Following an article on Monday’s Hill Times with a slightly misleading lede, a number of bloggers yesterday either chortled with glee (my dipper friends) or shook their heads in anger that apparently the upcoming Liberal policy convention would feature no policy:
The federal Liberals will hold a major policy convention in early May, but they are refusing to discuss policy ideas and say they are avoiding making any policy suggestions that the governing Conservatives can copy in the next election.There’s an important distinction here that the Hill Times failed to make, leading to confusion. There’s a difference between the policy platform a part runs in during an election and the policy that comes out of policy conventions.
They say they are keeping their still-developing campaign platform top secret in order to keep the focus squarely on the government amidst the rapidly deteriorating economy.
"What your policies are going to be in an election are announced just before you go into it. You don't want to provide an opportunity for target practice in the meantime," said Liberal Senator David Smith, one of four national campaign co-chairs charged with preparing the party for the next election.
The Hill Times reporter confused people by mentioning the convention. What Senator Smith, and indeed most of the article, talks about is the party platform. This is being developed by Navdeep Bains on behalf of Michael Ignatieff. Parties don’t generally release their electoral platforms months in advance of an election. Well, Stephane Dion released a (green) chunk of his, and it didn’t work out too well. But have the Conservatives released their platform for the next election? Have the NDP? Of course not. So let’s not go crazy here.
There will still be policy discussed and passed at the convention. But the fact is (and this is a whole other post and debate) the policy passed through the convention process rarely, if ever, makes it into the campaign platform. It’s generally passed, and then rarely heard of again. There are exceptions, of course. During the Paul Martin government, an anti-missile shield policy passed at convention greatly influenced Martin’s decision on that issue.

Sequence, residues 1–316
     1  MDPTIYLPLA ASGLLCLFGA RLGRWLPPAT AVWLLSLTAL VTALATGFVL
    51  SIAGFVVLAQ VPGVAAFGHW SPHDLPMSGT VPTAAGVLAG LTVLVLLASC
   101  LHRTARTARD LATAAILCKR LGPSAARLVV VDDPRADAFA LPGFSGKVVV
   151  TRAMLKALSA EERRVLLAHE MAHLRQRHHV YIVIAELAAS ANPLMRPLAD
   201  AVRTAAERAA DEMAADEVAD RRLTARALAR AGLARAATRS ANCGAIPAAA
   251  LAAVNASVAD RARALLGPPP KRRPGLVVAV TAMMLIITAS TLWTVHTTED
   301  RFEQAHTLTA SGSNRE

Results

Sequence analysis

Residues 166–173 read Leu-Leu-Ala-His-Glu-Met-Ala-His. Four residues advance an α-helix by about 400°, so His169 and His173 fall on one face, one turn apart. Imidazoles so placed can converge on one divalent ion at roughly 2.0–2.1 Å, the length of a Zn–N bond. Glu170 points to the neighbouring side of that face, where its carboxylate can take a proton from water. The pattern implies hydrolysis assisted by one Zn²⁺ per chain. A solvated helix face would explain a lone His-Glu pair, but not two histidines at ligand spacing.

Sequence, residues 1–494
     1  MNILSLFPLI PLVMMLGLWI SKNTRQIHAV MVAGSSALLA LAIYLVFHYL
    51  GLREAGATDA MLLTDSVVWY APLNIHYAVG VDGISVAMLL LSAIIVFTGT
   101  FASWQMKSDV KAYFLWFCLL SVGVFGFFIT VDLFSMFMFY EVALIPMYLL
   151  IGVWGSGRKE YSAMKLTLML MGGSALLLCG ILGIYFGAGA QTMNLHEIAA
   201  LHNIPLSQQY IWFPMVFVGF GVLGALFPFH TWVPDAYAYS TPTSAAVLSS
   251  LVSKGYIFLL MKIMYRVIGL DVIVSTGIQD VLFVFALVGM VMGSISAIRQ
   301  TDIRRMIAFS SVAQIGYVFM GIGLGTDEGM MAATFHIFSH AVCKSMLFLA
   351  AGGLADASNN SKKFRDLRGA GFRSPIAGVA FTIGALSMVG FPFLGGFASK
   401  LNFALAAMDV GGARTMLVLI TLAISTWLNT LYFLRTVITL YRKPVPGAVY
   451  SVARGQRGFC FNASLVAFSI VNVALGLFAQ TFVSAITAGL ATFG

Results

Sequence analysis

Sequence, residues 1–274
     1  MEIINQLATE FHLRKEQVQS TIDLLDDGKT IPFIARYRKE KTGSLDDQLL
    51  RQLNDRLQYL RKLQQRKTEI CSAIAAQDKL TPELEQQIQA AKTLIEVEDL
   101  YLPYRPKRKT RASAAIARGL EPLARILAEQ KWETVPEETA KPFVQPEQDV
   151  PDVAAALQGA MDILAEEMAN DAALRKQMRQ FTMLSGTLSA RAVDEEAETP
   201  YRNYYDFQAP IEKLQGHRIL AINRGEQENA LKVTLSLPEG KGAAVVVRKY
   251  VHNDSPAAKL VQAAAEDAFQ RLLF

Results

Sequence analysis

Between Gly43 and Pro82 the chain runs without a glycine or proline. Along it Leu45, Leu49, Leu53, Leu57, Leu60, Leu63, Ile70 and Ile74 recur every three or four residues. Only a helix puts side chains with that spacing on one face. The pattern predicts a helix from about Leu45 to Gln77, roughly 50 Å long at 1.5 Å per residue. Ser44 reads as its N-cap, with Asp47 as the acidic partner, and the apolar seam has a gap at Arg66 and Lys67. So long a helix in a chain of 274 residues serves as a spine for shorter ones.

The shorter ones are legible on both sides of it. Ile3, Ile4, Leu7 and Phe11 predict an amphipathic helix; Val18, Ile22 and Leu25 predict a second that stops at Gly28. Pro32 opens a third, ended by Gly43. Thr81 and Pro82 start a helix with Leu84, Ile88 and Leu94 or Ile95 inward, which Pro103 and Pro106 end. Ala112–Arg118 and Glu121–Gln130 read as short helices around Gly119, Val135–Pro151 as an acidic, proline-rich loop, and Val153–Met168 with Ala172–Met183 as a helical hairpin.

But by and large, convention policy is ignored by the party leadership. The same goes for the Conservative Party. It could also hold true for the NDP, I don’t know. But then they’ve never been overly concerned with pragmatic, electable policy at the leadership or grassroots levels, so maybe not.
The real convention policy controversy
There is a policy-related controversy brewing around the Vancouver convention though I touched on a few weeks ago that was missed by the Hill Times and the others. And it involves a sharp curtailment of the say grassroots Liberals will have in what policies end-up getting passed at convention.
Usually, at convention various workshops discuss all the policies in a given area (say, environment) and prioritize which ones will get sent to the plenary for debate and then a vote to be adopted as party policy.
This year, rather than have workshop the process has been moved online. A debate has been occurring on all the policies on En Famille, the Liberal members-only intranet site. That aspect is good; widening the field of people able to participate from just those able to attend convention is a positive step.
But while grassroots Liberals will get to debate online, they won’t get a vote on which resolutions get prioritized and sent to plenary. Not a vote that counts anyway – that’s restricted to riding presidents, a far more elite and restrictive group then if we’d stuck with the usual convention process.
It seems there’s been a battle going on within the party over the policy process. Initially, the party wanted to give the vote to riding and commission presidents only, who would supposedly consult their constituencies first.
There was push back to the narrowing of this power to such an elite group. While opening the vote to all would lead to some legitimate issues, a compromise was proposed: let all elected convention delegates and ex-officios vote online through En Famille. This was rejected by the LPC policy executive.
Instead, right now any party member can vote for policy prioritization through En Famille. You have until tonight at midnight, although you wouldn’t know unless you happened to check the site. Thing is though, the vote is completely non-binding. The riding presidents and commission presidents still have the REAL vote, the only vote that counts. They’ll be informed of the En Famille results before they vote but let’s be serious; they’re going to vote however they want to vote.
Is this going to be the Liberal version of grassroots empowerment? We give the membership an online forum where they can talk policy until they’re blue in the face and feel like they’re doing something, while at the same time we restrict the real decision-making power to an even narrower group of elites then held it before?
That’s a step backward, not a step forward. The gap between the rhetorical promise and the actual implementation is so wide you could drive a truck through it. Recommend this Post on Progressive Bloggers